Pediatric Radiology

, Volume 47, Issue 13, pp 1745–1750 | Cite as

Chest radiographic features of human metapneumovirus infection in pediatric patients

  • Melissa A. Hilmes
  • F. Daniel Dunnavant
  • Sudha P. Singh
  • Wendy D. Ellis
  • Daniel C. Payne
  • Yuwei Zhu
  • Marie R. Griffin
  • Kathryn M. Edwards
  • John V. WilliamsEmail author
Original Article



Human metapneumovirus (HMPV) was identified in 2001 and is a common cause of acute respiratory illness in young children. The radiologic characteristics of laboratory-confirmed HMPV acute respiratory illness in young children have not been systematically assessed.


We systematically evaluated the radiographic characteristics of acute respiratory illness associated with HMPV in a prospective cohort of pediatric patients.

Materials and methods

We included chest radiographs from children <5 years old with acute respiratory illness who were enrolled in the prospective New Vaccine Surveillance Network (NVSN) study from 2003 to 2009 and were diagnosed with HMPV by reverse transcription-polymerase chain reaction (RT-PCR). Of 215 HMPV-positive subjects enrolled at our tertiary care children’s hospital, 68 had chest radiographs obtained by the treating clinician that were available for review. Two fellowship-trained pediatric radiologists, independently and then in consensus, retrospectively evaluated these chest radiographs for their radiographic features.


Parahilar opacities were the most commonly observed abnormality, occurring in 87% of children with HMPV. Hyperinflation also occurred frequently (69%). Atelectasis (40%) and consolidation (18%) appeared less frequently. Pleural effusion and pneumothorax were not seen on any radiographs.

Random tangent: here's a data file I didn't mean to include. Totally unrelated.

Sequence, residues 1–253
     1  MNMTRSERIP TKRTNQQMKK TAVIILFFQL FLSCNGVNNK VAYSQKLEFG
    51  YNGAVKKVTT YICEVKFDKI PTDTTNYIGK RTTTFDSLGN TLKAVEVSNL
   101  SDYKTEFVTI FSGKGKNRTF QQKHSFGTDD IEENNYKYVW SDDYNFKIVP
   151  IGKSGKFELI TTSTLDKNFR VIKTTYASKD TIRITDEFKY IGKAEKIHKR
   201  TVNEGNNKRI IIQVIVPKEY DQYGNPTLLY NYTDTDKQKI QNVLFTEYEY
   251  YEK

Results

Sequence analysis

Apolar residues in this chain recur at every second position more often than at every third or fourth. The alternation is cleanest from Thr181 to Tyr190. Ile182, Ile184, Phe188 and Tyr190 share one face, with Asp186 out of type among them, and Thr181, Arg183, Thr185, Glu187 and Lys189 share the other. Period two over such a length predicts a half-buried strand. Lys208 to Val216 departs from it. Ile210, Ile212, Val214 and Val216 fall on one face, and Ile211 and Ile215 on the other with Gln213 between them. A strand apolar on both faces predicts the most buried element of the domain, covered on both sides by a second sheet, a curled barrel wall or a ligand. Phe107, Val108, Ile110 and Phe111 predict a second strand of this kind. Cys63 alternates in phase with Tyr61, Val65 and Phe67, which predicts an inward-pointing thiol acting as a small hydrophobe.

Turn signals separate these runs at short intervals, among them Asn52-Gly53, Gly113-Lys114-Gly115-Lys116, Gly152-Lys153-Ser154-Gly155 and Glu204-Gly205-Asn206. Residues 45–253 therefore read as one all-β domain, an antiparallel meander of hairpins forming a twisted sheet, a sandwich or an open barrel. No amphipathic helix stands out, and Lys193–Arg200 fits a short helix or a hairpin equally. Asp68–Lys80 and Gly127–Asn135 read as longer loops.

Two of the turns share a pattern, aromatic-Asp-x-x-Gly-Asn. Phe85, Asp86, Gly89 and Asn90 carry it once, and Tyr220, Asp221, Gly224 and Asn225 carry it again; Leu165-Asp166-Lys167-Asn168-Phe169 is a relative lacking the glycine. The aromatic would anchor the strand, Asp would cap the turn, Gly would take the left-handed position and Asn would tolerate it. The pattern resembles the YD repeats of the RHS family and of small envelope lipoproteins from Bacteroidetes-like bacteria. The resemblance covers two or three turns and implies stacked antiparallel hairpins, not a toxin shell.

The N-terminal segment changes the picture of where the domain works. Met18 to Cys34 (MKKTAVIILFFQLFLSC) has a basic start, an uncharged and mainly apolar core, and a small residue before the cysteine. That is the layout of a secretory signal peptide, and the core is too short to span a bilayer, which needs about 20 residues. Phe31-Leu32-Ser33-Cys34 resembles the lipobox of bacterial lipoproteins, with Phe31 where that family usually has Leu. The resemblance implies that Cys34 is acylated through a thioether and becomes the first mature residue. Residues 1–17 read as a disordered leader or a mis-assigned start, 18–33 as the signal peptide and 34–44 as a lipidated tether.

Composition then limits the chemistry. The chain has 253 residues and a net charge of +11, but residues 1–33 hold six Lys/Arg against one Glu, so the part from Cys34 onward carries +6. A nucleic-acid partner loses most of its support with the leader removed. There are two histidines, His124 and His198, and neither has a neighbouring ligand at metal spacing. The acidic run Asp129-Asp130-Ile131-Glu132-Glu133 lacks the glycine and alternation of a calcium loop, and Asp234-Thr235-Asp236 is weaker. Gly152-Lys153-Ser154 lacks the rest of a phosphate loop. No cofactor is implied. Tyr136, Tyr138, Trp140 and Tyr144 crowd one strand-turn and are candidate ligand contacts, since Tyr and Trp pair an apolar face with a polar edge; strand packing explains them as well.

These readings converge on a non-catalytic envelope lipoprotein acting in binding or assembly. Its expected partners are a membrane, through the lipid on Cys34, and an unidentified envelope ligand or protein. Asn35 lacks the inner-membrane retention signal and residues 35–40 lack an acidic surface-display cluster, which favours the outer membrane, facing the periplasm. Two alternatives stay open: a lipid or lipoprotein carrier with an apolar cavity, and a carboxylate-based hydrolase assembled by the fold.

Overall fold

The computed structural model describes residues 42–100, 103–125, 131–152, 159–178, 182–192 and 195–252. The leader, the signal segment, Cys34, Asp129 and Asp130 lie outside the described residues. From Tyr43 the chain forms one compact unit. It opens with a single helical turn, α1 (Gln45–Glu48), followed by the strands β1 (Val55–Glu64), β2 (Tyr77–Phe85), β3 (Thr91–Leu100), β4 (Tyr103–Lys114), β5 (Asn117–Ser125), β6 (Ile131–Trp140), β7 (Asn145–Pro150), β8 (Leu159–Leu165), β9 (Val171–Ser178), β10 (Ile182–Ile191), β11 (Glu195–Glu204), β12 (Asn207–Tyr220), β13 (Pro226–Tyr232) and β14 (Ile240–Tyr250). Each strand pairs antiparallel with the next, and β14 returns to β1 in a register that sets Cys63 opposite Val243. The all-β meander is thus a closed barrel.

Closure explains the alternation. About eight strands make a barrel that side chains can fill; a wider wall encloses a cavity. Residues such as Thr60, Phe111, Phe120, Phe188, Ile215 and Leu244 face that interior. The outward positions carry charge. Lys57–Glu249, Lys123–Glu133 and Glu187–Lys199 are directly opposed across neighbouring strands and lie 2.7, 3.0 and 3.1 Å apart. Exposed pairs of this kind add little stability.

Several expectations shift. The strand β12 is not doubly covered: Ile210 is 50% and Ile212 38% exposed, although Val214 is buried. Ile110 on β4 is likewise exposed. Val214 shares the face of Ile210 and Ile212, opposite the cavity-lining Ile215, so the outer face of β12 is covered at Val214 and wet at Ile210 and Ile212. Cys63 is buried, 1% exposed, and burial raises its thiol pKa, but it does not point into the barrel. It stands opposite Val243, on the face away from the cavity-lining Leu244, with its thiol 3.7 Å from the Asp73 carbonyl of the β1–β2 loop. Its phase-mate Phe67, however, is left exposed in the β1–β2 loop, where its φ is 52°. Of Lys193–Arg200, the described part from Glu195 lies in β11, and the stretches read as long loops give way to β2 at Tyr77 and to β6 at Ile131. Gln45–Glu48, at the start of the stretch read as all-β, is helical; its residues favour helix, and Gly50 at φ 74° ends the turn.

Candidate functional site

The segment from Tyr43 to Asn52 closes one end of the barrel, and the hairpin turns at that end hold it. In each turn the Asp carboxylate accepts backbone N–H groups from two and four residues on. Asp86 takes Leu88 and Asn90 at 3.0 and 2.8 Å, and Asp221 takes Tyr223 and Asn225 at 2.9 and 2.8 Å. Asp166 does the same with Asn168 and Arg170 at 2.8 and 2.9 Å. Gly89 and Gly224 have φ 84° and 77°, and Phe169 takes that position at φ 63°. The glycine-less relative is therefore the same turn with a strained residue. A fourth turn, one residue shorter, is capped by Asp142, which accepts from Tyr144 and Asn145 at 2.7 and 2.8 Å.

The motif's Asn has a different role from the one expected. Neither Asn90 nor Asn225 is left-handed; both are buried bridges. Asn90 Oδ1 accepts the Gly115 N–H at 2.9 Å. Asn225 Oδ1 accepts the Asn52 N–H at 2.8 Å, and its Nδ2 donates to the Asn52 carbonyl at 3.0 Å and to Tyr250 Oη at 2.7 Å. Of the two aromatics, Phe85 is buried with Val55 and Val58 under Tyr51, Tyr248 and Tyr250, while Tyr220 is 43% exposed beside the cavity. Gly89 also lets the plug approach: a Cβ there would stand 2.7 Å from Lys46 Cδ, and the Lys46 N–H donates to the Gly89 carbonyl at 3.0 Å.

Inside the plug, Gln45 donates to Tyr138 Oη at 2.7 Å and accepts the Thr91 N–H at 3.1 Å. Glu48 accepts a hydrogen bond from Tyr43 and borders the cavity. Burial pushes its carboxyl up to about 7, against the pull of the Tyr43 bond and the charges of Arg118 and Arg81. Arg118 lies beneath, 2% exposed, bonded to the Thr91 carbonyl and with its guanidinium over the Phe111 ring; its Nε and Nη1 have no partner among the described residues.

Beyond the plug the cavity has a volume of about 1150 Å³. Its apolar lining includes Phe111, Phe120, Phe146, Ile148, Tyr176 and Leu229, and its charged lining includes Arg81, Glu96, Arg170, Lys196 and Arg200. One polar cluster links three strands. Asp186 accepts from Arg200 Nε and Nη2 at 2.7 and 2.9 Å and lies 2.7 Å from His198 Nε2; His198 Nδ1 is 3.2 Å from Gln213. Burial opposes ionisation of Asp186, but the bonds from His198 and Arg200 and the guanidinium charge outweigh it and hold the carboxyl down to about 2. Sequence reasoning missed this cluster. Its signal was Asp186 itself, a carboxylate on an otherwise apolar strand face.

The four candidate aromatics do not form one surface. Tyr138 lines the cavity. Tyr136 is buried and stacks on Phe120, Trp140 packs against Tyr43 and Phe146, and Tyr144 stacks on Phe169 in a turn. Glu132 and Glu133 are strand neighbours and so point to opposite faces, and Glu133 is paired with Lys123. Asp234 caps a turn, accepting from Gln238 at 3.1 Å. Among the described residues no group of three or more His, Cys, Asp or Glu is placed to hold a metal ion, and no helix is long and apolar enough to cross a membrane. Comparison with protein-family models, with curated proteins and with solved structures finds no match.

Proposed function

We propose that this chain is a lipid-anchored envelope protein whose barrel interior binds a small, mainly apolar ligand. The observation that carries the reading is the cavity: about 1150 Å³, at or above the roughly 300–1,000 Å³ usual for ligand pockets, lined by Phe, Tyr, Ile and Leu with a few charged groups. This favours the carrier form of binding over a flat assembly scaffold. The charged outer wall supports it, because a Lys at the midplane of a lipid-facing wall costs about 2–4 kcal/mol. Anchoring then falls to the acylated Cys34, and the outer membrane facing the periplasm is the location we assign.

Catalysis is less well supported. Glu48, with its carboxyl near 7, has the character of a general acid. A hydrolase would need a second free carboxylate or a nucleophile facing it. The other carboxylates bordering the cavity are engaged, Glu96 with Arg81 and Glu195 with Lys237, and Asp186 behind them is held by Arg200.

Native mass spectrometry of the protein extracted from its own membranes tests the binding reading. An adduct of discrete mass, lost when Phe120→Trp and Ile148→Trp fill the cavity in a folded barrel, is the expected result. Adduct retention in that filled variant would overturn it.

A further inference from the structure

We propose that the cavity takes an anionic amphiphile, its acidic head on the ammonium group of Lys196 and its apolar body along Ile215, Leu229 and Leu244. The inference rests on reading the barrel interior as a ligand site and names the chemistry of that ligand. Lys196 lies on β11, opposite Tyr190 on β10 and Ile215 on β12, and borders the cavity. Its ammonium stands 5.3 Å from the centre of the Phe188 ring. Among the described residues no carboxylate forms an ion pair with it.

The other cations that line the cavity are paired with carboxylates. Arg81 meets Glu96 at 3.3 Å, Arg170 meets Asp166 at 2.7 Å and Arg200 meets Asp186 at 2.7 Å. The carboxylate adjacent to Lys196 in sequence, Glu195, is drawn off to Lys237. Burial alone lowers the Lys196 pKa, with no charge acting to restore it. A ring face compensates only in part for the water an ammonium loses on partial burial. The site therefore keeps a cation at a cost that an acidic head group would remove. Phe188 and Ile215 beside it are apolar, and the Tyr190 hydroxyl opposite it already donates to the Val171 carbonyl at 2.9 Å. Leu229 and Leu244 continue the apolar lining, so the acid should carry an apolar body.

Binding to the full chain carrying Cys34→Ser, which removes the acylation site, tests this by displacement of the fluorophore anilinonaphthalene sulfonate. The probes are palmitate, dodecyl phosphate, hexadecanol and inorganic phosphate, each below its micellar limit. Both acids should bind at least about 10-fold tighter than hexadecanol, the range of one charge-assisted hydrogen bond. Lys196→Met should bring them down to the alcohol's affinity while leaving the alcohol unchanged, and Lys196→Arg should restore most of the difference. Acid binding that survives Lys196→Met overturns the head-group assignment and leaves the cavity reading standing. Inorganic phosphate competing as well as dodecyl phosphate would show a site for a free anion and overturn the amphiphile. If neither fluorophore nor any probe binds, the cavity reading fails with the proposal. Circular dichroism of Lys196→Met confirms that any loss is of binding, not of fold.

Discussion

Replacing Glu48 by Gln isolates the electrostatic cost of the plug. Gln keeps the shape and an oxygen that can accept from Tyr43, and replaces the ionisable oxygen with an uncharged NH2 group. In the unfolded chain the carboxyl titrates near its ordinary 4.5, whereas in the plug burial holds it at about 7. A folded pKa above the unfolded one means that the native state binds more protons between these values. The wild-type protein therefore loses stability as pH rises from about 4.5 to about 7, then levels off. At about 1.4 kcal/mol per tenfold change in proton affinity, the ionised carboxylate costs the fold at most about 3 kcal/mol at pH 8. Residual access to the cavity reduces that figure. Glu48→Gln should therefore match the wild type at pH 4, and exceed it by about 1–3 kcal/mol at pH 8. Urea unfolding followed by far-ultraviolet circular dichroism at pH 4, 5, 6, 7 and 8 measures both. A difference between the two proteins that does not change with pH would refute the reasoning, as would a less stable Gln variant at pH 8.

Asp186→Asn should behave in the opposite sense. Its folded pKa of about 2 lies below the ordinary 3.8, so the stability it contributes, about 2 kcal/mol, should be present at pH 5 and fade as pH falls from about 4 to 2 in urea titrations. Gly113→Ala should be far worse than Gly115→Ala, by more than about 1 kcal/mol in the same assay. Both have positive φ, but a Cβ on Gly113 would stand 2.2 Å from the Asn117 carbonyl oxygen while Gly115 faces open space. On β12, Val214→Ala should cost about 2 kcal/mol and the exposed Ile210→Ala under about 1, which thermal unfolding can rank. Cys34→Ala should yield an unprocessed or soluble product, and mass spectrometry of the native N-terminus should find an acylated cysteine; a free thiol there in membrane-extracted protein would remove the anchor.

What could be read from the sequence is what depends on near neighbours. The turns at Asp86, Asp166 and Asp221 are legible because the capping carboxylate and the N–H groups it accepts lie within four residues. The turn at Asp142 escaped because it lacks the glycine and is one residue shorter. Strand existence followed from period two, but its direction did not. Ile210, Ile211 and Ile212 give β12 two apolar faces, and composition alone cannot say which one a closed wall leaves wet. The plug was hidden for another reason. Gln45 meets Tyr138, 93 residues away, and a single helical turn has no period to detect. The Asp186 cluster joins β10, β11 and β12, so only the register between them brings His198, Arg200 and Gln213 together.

The clinical presentations of HMPV include bronchiolitis, croup and pneumonia. Dominant chest radiographic abnormalities include parahilar opacities and hyperinflation, with occasional consolidation. Recognition of the imaging patterns seen with common viral illnesses like respiratory syncytial virus (RSV) and HMPV might facilitate diagnosis and limit unnecessary antibiotic treatment.


Bronchiolitis Chest Children Human metapneumovirus Infection Lungs Radiography Respiratory tract 



This work was supported by grants from the Centers for Disease Control and Prevention (CDC) U38 CCU417958 and U01 IP000022 (K.M.E., M.R.G.) and the National Institutes of Health (NIH) AI-085062 (J.V.W.). The findings and conclusions in this report are those of the authors and do not necessarily represent the official position of the CDC.

Compliance with ethical standards

Conflicts of interest

J.V. Williams is on the Scientific Advisory Board for Quidel, Inc., and the Independent Data Monitoring Committee for GlaxoSmithKline. M.A. Hilmes, F.D. Dunnavant, S.P. Singh, W.D. Ellis, D.C. Payne, Y. Zhu, M.R. Griffin and K.M. Edwards have no conflicts to disclose.


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Copyright information

© Springer-Verlag GmbH Germany 2017

Authors and Affiliations

  • Melissa A. Hilmes
    • 1
  • F. Daniel Dunnavant
    • 1
  • Sudha P. Singh
    • 1
  • Wendy D. Ellis
    • 1
  • Daniel C. Payne
    • 2
  • Yuwei Zhu
    • 3
  • Marie R. Griffin
    • 4
  • Kathryn M. Edwards
    • 5
  • John V. Williams
    • 6
    • 7
    Email author
  1. 1.Department of RadiologyVanderbilt University School of MedicineNashvilleUSA
  2. 2.Centers for Disease Control and PreventionAtlantaUSA
  3. 3.Department of BiostatisticsVanderbilt University School of MedicineNashvilleUSA
  4. 4.Department of Health PolicyVanderbilt University School of MedicineNashvilleUSA
  5. 5.Department of PediatricsVanderbilt University School of MedicineNashvilleUSA
  6. 6.Department of PediatricsUniversity of Pittsburgh School of MedicinePittsburghUSA
  7. 7.Children’s Hospital of PittsburghUniversity of Pittsburgh of UPMCPittsburghUSA

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